Let’s Rethink High School
A touring video booth that collected more than 1,000 stories and ideas about how to improve high school education.
We joined Laurene P. Jobs and the Emerson Collective on an incredible journey to fix education in the U.S. The first step was to ask people from across the country what they thought the future of high school should look like, capturing real ideas from communities, educators, and the students themselves.
Showman Fabricators, MAL / FORGOOD
Software Development, User Research, Media Design, Motion Graphics
“The hunger for change is real, and we’re offering up the tools to communities to make it happen.”
With the U.S. ranking 20th in math aptitude and 27th in science worldwide, it’s becoming clear that high school in America is broken. But how do we fix it?
Calling all ideas
The Super School Project is an open call to reimagine and design the next American high school. In towns and cities across the country, teams will unite and work to rethink and build schools that prepare our students for the rigorous challenges of college, jobs, and life. This is a challenge that empowers all of America to change high school.
Over the next few months, the XQ Institute will accept proposals to reimagine high school, partnering with the winning teams and providing them expert guidance and a fund of $50 million to support at least five schools over the next five years.
1,000 ideas and counting
To kick off the movement, we designed a traveling recording booth that made its debut on the steps of the New York Public Library. School groups, community leaders, teachers, and parents sat down in front of a camera to get real about the future of education and what is needed in their communities. Then we took the show on the road to 10 cities,from DC to Oakland, attracting participants of all ages, including public figures like Craig Newman (founder of Craigslist) and New York Governor Andrew Cuomo. The recordings will be used to inspire teams as they build solutions to our education system’s most pressing challenges.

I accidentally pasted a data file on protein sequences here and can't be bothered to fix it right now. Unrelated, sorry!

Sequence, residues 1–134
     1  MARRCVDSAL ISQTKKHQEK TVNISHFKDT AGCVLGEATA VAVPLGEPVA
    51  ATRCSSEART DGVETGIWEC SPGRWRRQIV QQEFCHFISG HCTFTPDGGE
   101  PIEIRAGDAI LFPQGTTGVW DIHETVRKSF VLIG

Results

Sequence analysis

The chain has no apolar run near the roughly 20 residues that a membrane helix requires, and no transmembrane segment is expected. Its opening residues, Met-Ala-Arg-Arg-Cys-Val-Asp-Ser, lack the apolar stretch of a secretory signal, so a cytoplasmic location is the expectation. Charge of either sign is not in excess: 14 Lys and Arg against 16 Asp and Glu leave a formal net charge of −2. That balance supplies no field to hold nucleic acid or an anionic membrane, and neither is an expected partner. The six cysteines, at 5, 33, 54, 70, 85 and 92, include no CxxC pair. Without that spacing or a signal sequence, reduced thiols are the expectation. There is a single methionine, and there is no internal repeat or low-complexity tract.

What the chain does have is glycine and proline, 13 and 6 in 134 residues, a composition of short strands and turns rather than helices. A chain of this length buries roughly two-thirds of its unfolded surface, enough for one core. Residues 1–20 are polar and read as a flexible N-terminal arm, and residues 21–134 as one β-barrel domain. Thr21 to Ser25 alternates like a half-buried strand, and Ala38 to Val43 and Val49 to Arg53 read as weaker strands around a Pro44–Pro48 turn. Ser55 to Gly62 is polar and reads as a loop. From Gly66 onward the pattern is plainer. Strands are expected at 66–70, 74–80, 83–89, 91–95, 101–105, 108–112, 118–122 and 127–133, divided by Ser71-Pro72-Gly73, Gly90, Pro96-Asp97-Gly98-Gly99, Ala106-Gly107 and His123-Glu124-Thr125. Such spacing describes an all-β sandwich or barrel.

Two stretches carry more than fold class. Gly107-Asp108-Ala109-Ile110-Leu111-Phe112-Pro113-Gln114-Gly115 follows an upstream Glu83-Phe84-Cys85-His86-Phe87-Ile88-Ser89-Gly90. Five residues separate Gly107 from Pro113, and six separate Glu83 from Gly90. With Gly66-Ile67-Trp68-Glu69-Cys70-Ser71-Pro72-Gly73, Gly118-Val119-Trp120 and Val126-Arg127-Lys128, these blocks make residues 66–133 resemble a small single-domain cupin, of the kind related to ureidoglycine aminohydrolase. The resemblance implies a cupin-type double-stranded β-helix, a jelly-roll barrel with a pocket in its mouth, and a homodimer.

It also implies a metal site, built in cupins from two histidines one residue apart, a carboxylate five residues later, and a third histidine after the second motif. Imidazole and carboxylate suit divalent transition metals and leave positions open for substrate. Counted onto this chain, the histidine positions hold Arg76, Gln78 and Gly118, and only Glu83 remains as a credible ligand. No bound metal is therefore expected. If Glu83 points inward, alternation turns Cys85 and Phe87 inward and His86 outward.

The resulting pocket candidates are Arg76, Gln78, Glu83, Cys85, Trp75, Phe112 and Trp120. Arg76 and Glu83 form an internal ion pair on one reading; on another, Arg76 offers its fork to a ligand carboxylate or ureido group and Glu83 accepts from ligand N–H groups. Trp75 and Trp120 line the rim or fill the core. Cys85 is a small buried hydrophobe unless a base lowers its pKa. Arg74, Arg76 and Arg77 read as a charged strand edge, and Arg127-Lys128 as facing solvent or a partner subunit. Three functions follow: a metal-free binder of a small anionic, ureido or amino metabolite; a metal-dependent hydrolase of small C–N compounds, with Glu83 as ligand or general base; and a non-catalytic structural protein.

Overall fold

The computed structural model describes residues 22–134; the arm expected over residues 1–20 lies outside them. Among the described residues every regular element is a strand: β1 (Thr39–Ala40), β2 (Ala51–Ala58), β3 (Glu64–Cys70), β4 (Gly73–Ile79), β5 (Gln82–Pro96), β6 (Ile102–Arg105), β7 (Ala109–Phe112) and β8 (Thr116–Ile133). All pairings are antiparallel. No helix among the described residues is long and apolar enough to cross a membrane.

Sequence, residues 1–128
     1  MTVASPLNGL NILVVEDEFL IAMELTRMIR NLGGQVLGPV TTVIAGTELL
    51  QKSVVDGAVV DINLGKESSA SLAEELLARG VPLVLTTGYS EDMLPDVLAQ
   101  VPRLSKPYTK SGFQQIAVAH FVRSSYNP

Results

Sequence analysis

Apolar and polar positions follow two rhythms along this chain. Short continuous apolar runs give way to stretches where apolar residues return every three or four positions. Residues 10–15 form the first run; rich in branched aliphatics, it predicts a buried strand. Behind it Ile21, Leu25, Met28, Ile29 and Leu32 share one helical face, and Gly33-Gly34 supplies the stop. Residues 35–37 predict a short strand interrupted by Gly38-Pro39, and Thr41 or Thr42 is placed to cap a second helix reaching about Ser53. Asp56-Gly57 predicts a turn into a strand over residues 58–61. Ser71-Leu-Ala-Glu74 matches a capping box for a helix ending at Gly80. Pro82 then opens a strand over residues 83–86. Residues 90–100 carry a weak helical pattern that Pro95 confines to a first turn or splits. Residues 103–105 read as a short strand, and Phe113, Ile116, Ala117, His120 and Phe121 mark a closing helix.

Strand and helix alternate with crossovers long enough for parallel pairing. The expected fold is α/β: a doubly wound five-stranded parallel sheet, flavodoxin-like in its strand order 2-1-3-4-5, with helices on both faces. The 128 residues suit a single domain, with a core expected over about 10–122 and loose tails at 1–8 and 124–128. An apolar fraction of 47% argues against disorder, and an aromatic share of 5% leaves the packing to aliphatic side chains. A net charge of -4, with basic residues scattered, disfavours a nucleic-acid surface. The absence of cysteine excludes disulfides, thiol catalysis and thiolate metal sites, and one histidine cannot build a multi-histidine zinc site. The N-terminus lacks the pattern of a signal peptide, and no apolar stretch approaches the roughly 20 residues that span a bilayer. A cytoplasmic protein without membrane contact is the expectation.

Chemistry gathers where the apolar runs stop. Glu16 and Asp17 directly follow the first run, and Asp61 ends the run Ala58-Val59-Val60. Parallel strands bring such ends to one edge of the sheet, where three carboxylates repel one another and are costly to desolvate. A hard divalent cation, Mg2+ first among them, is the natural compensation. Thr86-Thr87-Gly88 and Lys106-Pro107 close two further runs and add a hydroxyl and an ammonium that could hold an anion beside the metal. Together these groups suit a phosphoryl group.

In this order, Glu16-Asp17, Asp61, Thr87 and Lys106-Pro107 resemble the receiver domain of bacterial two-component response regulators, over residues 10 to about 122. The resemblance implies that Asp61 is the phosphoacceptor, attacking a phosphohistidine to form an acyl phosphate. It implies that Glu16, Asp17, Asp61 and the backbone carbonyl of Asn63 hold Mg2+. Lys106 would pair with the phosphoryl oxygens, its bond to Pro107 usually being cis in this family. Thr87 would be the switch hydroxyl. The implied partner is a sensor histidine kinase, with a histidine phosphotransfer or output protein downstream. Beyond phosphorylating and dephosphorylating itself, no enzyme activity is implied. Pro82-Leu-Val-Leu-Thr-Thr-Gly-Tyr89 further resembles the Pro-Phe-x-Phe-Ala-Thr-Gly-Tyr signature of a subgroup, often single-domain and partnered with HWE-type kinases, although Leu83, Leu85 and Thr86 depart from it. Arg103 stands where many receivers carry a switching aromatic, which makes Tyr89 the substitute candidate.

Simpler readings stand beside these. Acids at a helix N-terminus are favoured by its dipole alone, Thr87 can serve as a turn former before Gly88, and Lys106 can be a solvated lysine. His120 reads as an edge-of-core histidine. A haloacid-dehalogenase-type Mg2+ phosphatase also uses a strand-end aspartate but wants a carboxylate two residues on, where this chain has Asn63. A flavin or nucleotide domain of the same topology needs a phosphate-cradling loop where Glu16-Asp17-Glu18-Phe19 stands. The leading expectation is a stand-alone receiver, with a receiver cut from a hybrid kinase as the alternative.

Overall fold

Open books invite participation
To attract visitors to the traveling recording booth, we developed modular, book-like sculptures with key stats on the right-hand page, and engaging video on the left. Visitors were able to leave their personal mark by placing stickers on each book, representing their role as a teacher, student, or concerned citizen.
It's all in the question
How do you get people talking about a topic as daunting as education? How do you lead them towards creativity? We started with a prototype, asking specific questions to a target audience, requiring people to think on the spot. Through testing with students and educators, we developed an open-ended format that uses broad categories as prompts.
Personal stories, original ideas
We designed an iPad recording app that allows visitors to tell personal stories and explore more. The app helps users identify a particular topic of interest around education, from curriculum to school leadership, and then simply asks, “What would you rethink?” Visitors are then encouraged to share their own experience, and describe what they would do differently if they could design a high school.